Rijksmuseum Amsterdam

We venture to the Rijksmuseum.  I’m excited to see the actual paintings that I studied in University, as opposed to photos in books.

We arrive to a stately building, with at odds architecture, Neo Gothic meets Renaissance that somehow works together to create a cohesive building.

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The most charming feature is a bike tube through the museum, the only one of its kind in the world.  Bicyclists can travel through the museum, there is no art on the walls of the tube, the bikes are the art and quintessential Netherlands. During the last major renovation, the architect wanted to change the space to a courtyard, the tube nearly lost.  Thankfully, there was much protest and the bike tube remained.

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The majority of the museum is dedicated to 17th century Dutch masters.  Notable paintings are, Vermeer’s “Milkmaid,” Rembrandt’s “Nightwatch” and Van Gogh’s “Self Portrait.”

John and I decide on a “highlights” tour where the major works will be seen.  We use the Rijksmuseum app that we downloaded at home and set off.  There is so much beauty everywhere that it is difficult to remain focused.  The building, stained glass, even the floor compete for my attention.  I focus, John is distracted and not moving through as quick.

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We decide to part ways as our museum strategy differs. This is John’s second trip to the Rijksmuseum, he wants to absorb. My approach is quantity over quality, wanting to see as much as possible. We both agree we would need months rather than the day allotted to do the place justice.  Our strategy, divide and conquer.

It is freeing to explore on my own at my own pace, I suspect that John too feels free without me breathing heavy and pacing. I miss him at times when I want to look at his expression or ask him what he thinks of a particular painting.

I smile when I see Vermeer’s, “The Milkmaid,” more vibrant than imagined.  The Threatened Swan by Jan Asselijn grabs my attention, such an odd perspective and the first acquisition by the museum, purchased for 100 guilders. The newly married couple and their relaxed stance and grins has me grinning back.  Van Gogh with two ears looks so very sad and of course this sadness is part of his story.

A queue is noticeable at the end of the hallway.  I know that it is the main event, “The Nightwatch.”  I can wait and enjoy all the paintings, some famous and some my new favourites as I amble along.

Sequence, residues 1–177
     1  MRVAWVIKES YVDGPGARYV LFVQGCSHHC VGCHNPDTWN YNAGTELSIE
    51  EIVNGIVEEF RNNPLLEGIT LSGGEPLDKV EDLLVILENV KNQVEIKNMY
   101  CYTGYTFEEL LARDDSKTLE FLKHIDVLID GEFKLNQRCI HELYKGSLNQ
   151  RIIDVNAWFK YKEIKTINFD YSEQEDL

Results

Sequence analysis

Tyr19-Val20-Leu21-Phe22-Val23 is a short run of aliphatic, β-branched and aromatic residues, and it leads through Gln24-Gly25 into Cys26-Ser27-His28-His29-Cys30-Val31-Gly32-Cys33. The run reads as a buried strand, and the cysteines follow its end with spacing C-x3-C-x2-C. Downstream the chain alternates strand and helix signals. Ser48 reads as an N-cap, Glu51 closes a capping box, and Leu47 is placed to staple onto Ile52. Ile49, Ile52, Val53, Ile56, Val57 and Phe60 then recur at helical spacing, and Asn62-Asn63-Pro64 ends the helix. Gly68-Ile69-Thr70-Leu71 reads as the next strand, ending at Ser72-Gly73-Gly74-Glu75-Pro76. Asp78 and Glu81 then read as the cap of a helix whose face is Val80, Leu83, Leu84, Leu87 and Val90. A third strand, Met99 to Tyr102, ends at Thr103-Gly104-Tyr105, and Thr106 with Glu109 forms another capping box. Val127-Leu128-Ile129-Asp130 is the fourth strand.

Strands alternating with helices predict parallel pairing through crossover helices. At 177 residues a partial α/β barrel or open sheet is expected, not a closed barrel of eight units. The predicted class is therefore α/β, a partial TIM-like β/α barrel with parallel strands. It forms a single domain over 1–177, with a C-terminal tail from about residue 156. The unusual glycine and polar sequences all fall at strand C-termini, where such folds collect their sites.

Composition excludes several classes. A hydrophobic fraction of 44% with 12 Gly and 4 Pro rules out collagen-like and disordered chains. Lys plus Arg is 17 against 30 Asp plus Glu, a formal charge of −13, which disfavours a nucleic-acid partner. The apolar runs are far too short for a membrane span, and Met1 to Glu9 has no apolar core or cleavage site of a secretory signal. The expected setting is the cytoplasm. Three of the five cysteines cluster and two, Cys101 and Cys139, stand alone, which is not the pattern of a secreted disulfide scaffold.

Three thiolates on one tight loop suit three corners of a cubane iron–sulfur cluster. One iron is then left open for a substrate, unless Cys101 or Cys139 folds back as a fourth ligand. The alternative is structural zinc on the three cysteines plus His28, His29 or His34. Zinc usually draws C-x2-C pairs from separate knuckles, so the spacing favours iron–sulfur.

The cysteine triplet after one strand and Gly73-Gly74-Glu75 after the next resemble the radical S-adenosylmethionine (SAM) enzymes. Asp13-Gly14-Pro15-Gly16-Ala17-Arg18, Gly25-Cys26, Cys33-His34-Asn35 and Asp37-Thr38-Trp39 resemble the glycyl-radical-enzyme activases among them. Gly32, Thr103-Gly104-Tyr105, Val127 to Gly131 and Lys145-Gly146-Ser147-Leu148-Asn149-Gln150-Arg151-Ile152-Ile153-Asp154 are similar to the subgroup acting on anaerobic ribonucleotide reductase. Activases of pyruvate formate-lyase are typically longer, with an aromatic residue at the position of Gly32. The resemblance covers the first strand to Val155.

The Nightwatch, Rembrandt’s masterpiece is in a room of its own.  The painting is massive.  Its current size is 143” x 172,” though at one time it was larger, the original size 156” x 192.”  The painting was trimmed to fit a hall where it hung before moving to its present destination,   Its unimaginable to think that Rembrandt’s masterpiece would be trimmed, though this was the practice at the time.  I wonder what Rembrandt would think, I don’t think that he would be pleased. There is a trap door in the room to remove the painting in case of fire.  This was used during WWII to save the painting.  The Nightwatch was removed from its frame and rolled up where along with other major works was hidden until after the war.  I think about the brave souls who during such a dark time, saved the beauty.  They were successful as only a few minor works were lost. I cannot imagine if it was all lost.

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I find a room of doll houses.  These were not created for children but rather were a rich woman’s hobby.  The cost of the dollhouse was the same as a canal home at the same time. The attention to detail is extraordinary and I wonder about this woman and how little she had in her life that she spent such time and expense on this folly.  I think about my craft room and the thousands of dollars invested in supplies and decide to keep my thoughts to myself.

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John and I meet again and he is excited to show me the ship room where he has spent the majority of his time, his eyes are lit with enthusiasm. We see Michiel de Ruyter’s portrait and a beautiful model of a ship.  John says he could spend all day in this one room.

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img_1970We are meeting Nelda and Marieke for dinner and have to leave.  We vow to return one day.  Music catches our ear and we see a band in the bicycle tube with a growing audience forming.  The instruments are unusual, the music unique.  We enjoy the ambience as the bicyclists cycle by.